I don’t want him to be cruel to her—although she may think he’s being cruel—but, I think I need to work it so he’s being strict, and perhaps even unfairly so, even though what she did was pretty selfish—even if she did have her own reasons.

    His character right now (still sort of lost in his own grief) is like this:
    When he’s working, he forces himself to put on a good face, like I said; he’s kind of thrown himself into his work, to take his mind off it. Only the few people who are around him (his advisors and guards?) day-in-day-out know how badly he’s still taking this. He’s telling himself he has to get on with his life; he has to lead his race, and his daughter should be doing the same—this is why he has pushed everything on her, but, emotionally (in private), he can't; he’s a mess—and he knows it. And he’s angry about it. He tries to work past it, he may even feel he’s made more progress than he actually has—which is bad.

    When it comes to his daughter, he doesn’t have the luxury of that good face. He can’t fool her. He tries it; he tends to talk to her at a distance, like one of his Council members or subjects. Distancing himself from her, even if that’s not a conscious decision he’s made, means less pain, perhaps? A lesser reminder of the family and life he used to have?

    My MC believes she understands why he’s distancing her; he blames her, end of story. And she feels that he should blame her, it’s her fault. But, even so, some part of her is angry with him too—and this is what probably stems her rebellion to some degree—she’s angry he abandoned her when she needed him most. He’s the parent; he should be making things better. And so, yeah, selfishly, she pushes his buttons.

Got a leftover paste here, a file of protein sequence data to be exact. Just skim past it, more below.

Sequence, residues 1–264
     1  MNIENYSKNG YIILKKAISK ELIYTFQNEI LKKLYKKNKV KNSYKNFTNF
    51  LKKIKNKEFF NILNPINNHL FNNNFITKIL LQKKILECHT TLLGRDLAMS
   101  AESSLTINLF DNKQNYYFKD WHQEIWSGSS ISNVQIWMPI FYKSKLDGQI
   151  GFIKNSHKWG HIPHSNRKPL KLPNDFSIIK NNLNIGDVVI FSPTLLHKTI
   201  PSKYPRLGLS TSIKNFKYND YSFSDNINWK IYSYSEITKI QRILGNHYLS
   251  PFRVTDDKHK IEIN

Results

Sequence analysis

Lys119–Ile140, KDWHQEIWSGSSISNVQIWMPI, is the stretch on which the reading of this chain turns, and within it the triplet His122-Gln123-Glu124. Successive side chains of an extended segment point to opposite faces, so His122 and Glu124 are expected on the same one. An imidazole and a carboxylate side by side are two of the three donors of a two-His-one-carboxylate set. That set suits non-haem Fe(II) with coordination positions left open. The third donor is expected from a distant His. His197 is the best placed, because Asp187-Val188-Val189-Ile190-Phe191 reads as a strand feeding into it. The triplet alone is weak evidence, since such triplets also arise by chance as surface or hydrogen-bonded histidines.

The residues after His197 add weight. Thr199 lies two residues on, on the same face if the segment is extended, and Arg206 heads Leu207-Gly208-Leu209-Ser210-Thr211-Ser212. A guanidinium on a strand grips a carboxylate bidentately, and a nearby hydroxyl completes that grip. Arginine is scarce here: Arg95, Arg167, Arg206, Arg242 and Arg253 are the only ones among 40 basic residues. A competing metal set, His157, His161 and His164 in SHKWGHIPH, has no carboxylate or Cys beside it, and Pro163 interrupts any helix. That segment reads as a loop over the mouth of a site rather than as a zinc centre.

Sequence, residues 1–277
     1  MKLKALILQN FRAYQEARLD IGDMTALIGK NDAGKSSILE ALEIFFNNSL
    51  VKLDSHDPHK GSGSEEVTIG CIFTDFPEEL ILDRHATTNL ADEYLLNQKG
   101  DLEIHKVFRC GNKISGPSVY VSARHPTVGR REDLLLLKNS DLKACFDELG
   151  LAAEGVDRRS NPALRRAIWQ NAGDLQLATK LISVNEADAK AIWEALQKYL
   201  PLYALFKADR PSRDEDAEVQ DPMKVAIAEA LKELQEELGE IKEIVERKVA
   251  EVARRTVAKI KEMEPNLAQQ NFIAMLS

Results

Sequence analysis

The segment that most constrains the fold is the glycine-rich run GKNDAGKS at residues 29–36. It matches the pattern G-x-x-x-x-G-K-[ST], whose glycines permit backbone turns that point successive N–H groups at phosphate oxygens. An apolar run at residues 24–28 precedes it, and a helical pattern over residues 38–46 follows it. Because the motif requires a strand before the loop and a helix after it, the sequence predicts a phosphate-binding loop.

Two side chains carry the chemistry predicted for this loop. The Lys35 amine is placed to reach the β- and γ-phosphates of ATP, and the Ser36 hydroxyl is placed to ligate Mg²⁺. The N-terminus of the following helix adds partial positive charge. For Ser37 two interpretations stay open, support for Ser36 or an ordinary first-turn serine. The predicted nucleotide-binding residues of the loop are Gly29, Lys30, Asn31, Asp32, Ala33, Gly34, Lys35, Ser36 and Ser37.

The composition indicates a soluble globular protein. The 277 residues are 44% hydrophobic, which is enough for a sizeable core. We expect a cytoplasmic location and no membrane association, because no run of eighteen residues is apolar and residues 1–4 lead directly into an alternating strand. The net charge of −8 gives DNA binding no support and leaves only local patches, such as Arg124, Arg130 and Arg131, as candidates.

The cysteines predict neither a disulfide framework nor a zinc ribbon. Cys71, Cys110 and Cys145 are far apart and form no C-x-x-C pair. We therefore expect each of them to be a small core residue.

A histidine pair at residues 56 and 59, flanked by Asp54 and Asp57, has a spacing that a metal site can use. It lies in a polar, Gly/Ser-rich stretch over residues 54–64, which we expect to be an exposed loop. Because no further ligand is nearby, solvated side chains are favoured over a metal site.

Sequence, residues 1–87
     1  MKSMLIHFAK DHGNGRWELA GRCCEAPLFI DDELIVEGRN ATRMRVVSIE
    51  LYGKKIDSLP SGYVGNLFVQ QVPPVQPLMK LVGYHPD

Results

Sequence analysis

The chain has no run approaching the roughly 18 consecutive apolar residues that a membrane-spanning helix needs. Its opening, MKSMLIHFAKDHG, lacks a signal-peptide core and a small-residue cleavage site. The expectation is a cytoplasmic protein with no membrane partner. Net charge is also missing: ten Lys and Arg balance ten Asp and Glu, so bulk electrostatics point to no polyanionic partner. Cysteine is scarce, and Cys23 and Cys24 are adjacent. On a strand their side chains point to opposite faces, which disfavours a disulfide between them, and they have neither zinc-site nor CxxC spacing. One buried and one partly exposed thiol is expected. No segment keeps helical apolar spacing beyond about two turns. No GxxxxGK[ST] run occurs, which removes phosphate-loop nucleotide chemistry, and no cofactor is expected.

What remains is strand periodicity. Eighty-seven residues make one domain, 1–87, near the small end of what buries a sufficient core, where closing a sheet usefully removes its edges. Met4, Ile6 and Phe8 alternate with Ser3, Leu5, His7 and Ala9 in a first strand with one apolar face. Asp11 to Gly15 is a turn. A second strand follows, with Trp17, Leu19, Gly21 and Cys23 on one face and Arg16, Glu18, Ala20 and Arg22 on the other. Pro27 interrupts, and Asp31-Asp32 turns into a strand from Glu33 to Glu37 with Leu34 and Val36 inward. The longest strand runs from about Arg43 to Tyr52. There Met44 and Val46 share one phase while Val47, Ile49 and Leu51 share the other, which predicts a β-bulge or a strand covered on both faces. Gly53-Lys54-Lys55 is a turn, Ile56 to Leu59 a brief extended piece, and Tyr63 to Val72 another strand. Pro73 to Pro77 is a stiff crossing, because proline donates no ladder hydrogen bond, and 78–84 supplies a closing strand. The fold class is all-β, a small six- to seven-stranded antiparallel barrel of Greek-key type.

Like I said, she’s messed up, he’s messed up, and right now they’re like oil and water. They’re fanning each others flames.
  4. mammamaia

    mammamaia nit-picker-in-chief Contributor

    Nov 21, 2006
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    Coquille, Oregon
    ultimately, it doesn't matter what any other father may have done in the circumstances, or what any of us suggest, because what has to determine your course is what will work best plot-wise...

    so you must let your storyline determine how he reacts... and none of us know the plot...
  5. The Tourist

    The Tourist Banned

    Mar 27, 2012
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    I don't have to guess, I know.

    I took off on my bike for three days. My dad heard me come home because my straight pipes rattled his coffee cup.

    I came in, he looked up and said (and I quote), "You smell like a brewery."

    I looked down at his plate and said, "Any of that meatloaf left?"

    Feel free to use it. My father has passed on, and I no longer eat meatloaf.
    1 person likes this.